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"Kafka and the Law" Conference
April 4-5, 2016
University at Buffalo
The law is a theme that pervades the work of Franz Kafka as a whole, from his early writings, such as “The Judgment,” through The Trial, to later works such as The Castle and the neglected piece “The Animal in the Synagogue.”
Yet despite its critical importance, the law remains a “cloudy spot” in Kafka’s oeuvre and a bone of contention for subsequent critics and interpreters. The conference will explore some of the literary, philosophical, and theological aspects of the law in Kafka’s writings, and suggest ways to situate it within his work as well as within the general context of Jewish thought and modernist literature.
Evening Panel on the the topic: “Kafka in Our Time,” An open discussion in which the conference participants will answer questions from the audience.
Speaker: James McLachlan
Date: March 24, 2016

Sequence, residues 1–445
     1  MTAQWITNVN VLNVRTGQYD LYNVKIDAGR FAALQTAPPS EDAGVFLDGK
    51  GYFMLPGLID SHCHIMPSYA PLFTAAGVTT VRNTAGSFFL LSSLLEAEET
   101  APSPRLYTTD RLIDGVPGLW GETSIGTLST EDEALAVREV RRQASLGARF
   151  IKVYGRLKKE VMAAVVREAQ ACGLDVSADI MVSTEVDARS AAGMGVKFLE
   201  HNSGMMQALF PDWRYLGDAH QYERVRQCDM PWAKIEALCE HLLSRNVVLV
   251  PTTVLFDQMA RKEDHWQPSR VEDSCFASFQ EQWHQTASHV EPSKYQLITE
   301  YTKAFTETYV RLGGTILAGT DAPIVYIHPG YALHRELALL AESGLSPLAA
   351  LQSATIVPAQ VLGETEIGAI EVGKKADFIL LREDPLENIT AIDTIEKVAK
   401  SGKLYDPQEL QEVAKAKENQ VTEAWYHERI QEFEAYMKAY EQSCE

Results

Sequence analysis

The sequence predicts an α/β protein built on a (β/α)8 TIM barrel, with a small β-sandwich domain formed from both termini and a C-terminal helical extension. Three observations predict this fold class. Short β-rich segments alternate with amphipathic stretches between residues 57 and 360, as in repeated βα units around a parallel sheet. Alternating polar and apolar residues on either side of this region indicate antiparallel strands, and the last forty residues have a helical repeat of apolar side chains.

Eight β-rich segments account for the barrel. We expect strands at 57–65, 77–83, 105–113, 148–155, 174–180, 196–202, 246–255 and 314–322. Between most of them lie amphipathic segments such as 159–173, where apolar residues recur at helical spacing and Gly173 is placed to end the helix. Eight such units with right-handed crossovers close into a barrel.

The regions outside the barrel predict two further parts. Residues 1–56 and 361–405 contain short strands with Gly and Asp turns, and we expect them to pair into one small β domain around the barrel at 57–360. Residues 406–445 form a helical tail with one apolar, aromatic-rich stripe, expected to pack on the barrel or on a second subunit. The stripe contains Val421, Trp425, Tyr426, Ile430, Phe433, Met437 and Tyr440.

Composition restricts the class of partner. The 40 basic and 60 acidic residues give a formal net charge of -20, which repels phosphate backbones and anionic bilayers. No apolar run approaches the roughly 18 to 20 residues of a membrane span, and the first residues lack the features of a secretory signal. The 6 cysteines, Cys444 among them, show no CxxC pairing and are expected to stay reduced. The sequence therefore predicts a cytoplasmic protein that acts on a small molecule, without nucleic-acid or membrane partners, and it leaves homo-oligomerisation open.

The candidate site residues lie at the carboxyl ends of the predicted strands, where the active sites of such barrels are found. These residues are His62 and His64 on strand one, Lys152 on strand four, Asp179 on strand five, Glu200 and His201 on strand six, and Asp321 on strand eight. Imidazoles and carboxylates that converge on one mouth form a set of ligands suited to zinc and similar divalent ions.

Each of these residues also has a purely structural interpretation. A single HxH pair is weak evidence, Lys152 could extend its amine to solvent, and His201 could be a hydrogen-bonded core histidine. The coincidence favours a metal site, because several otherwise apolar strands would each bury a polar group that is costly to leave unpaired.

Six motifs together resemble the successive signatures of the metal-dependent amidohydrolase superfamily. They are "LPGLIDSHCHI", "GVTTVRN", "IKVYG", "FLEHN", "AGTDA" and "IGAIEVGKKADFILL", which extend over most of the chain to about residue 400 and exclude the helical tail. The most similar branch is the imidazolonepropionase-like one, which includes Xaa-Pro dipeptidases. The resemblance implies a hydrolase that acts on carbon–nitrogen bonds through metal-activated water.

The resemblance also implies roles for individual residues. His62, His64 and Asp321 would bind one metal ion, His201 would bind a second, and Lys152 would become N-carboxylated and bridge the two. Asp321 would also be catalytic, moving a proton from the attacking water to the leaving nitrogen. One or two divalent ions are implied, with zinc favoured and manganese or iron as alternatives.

Location: 108 Baldy Hall
James McLachlan is a Professor of Philosophy at Western Carolina University. He earned a PhD from the Centre for the study of religion at the University of Toronto and did graduate work at Indiana University, Universite de Paris, and Pennsylvania State University.
Speakers: Marla Segol (Oct. 29); Sergey Dolgopolski (Nov. 15); Alex Green (March 15); Richard Cohen (April 18); Noam Pines (May 18)
November 19, 2015
University at Buffalo
One of the most revolutionary figures in the Jewish tradition is the philosopher and legal scholar, Moses Maimonides (1138-1204). Maimonides changed the ways Jews understand their religion through his major theological work, the Guide of the Perplexed and his legal code, the Mishneh Torah, so much so that everyone after Maimonides was influenced by him, even his critical opponents. As the eminent Maimonides scholar Isadore Twersky observed, “although religious rationalism did not begin with Maimonides, it came to be totally identified with him. Protagonists and antagonists would draw the lines of their positions in relation to Maimonides. To a great extent, subsequent Jewish intellectual history may be seen as a debate concerning the wisdom and effectiveness of the Maimonidean position.”
One would think that eight hundred years after his death, scholars would have completed the study of his writings, but scholars still actively debate Maimonides’ ideas and deliberate over the extent to which they support the Maimonidean project.